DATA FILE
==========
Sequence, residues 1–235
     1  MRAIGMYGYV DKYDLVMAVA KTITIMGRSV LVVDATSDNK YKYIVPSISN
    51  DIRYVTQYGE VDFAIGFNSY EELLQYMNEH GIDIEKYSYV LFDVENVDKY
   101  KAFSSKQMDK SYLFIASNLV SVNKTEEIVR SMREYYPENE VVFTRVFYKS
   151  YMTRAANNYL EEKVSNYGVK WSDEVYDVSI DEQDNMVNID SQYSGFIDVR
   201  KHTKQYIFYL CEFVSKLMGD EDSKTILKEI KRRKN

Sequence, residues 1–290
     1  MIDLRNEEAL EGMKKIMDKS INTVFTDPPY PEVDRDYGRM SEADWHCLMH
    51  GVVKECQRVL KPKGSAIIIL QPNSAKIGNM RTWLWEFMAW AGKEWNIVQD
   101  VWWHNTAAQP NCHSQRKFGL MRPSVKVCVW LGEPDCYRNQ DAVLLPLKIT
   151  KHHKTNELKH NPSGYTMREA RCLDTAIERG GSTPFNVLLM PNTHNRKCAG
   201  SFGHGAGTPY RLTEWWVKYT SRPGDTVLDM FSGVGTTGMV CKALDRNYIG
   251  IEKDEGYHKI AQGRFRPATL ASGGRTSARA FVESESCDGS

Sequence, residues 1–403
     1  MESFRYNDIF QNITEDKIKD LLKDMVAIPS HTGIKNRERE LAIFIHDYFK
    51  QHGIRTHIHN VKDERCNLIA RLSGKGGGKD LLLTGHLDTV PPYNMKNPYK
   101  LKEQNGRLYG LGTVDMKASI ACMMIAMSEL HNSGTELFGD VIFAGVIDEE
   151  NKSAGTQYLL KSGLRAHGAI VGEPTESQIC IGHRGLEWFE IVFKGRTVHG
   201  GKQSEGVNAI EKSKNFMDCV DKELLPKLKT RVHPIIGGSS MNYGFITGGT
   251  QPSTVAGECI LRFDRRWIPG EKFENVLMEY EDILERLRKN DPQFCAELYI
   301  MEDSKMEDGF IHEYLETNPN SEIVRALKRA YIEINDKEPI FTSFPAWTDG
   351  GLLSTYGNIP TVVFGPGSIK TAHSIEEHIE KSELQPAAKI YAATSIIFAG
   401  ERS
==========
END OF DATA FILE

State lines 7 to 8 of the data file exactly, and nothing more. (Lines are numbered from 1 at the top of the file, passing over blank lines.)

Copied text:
Sequence, residues 1–290
     1  MIDLRNEEAL EGMKKIMDKS INTVFTDPPY PEVDRDYGRM SEADWHCLMH